By Mattie Green
When reading Dr Faustus’ conversation with Mephastophilis about astrology, it immediately reminded me of one of the biggest scientific controversies of all time: Galileo’s proof of the Heliocentric model. It made me wonder if Marlowe wrote some of the play as a commentary of Galileo’s discoveries. Everything seemed to add up to that being the case (Faust getting questions about astrology answered by a demon, references to the Catholic approved Geocentric model, etc.) except for one very important detail: Marlowe’s Dr Faustus was first performed in 1592, and it wasn’t until after 1600 that Galileo’s research became known to the Roman Catholic Church. So why does the story of Dr. Faustus sound so similar to Galileo’s trial?
It starts with a man, one Johann Georg Faust (aka John Faustus, Georgius Faustus Helmstet, Georgius Sabellicus, Georgius Helmstetter… well, you get the point… Faust was a man of many names). This man was the, shall we say, inspiration for the book The History of the Damnable Life, and Deserved Death of Dr. John Faustus, which was then adapted into The Tragical History of Dr. Faustus by Marlowe. The real life Faust is believed to have gone to Heidelberg University from 1483 to 1487, and traveled Germany for the next 30 years as a physician, philosopher, professor, alchemist, magician, and astrologer (though he also became well known as a trickster and fraud, and was even denounced by the Church as a “blasphemer in league with the devil”). His death was dated to around 1540, and it was rumored that he died during an alchemical experiment gone wrong, which led to the myth that the devil had come to collect him. These rumors spread, and by around 1570 Faust was somewhat of a legend in Germany.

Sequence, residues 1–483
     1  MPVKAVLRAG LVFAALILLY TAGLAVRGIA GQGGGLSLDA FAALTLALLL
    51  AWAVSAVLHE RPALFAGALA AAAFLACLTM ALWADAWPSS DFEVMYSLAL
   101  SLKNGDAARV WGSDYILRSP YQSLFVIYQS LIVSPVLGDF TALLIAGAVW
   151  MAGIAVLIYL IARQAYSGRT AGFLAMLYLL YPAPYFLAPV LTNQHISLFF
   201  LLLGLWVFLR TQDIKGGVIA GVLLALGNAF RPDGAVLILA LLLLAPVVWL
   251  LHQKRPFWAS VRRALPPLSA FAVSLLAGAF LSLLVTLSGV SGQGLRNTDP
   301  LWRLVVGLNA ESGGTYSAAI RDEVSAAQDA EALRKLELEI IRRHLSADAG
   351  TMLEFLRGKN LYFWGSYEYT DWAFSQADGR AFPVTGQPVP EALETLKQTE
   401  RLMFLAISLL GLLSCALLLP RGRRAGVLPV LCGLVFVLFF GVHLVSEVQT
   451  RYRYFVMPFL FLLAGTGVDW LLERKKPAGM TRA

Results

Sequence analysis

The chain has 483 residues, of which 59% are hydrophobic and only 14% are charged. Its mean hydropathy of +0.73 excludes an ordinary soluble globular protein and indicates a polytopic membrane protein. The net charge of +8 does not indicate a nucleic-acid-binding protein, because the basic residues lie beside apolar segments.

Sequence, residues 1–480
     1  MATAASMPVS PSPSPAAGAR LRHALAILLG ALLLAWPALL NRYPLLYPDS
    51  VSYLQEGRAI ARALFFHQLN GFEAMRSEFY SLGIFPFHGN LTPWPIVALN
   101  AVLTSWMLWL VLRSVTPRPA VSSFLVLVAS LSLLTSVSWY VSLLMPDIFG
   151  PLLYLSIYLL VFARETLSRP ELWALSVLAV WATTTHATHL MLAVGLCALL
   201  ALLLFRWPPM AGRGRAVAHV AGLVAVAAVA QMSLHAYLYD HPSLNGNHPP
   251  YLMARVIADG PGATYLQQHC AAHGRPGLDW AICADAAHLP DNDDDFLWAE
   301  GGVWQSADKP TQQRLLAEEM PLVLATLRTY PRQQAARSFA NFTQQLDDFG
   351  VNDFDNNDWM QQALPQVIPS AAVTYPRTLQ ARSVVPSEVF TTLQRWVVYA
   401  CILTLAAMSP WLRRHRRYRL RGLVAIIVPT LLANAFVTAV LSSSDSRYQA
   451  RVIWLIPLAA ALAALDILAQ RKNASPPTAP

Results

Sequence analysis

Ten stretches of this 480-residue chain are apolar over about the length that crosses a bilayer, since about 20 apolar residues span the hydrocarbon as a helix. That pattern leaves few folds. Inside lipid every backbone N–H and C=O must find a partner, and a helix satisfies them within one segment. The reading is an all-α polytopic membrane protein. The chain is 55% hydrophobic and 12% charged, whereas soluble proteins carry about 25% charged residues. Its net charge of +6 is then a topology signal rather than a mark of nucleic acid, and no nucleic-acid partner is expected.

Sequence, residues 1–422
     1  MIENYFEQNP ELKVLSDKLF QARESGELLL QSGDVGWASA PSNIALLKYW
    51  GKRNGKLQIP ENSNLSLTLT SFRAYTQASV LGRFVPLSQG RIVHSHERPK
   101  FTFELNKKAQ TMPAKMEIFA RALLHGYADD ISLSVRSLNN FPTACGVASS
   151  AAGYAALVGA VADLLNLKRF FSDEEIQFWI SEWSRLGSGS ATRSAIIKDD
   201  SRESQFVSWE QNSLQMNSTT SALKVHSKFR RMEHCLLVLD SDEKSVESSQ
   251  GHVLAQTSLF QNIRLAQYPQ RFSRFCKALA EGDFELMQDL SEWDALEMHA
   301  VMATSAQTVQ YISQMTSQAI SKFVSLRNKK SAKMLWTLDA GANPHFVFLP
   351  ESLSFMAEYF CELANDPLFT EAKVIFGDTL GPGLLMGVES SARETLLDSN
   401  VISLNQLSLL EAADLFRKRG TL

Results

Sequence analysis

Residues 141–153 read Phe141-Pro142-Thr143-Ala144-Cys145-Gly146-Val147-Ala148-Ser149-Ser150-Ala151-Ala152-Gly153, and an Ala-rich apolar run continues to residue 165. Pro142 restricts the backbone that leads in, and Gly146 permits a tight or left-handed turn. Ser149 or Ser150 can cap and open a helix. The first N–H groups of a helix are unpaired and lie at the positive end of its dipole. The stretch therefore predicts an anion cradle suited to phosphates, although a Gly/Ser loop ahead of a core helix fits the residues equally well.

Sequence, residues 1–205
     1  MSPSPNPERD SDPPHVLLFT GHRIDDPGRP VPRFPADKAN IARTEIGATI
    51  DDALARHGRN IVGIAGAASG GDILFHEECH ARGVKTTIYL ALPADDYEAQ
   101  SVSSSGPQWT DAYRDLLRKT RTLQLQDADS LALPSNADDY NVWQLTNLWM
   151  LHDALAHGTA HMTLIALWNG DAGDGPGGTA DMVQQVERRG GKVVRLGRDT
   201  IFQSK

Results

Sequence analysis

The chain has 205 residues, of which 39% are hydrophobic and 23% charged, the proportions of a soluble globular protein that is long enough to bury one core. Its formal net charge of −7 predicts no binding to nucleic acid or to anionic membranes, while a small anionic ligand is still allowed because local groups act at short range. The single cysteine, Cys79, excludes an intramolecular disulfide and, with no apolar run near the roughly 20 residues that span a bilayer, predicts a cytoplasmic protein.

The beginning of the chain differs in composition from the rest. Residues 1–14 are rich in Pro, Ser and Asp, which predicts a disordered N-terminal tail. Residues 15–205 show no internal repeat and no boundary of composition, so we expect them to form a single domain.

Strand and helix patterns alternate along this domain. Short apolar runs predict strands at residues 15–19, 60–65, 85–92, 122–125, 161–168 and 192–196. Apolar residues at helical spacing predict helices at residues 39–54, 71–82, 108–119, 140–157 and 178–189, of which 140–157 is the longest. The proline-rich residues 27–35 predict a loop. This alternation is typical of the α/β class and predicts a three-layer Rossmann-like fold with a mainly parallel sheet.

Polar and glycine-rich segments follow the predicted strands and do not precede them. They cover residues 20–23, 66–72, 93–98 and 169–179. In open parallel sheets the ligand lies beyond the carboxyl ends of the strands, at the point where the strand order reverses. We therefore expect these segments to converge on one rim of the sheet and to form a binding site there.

And so The Faustbook was born, er, written in 1587, and translated into The History the Damnable Life, and Deserved Death of Dr. John Faustus about a year later. Marlowe adapted it into play form soon after, and that, too, was extremely popular.
However, the Dr. Faustus’ character was adapted as well, and ended up being much different from the man he was based on. In the play, he seems like an agreeable fellow, except he badly misinterprets a passage from the Bible and comes to believe that he will go to Hell no matter what. I found this change in the character extremely interesting. Why would Marlowe go to the trouble of making Faust more likable when the audience would probably already know Faust messed up… big time?
The main reason I could think of was to create a hope of redemption for the character… similar to the scholars telling Faustus to repent to God and get out of going to Hell. Faust could have been redeemed, but he held onto his misinterpretation of the Bible, and that led him to his fate. It acted as a warning that misinterpreting the text could be a deadly mistake.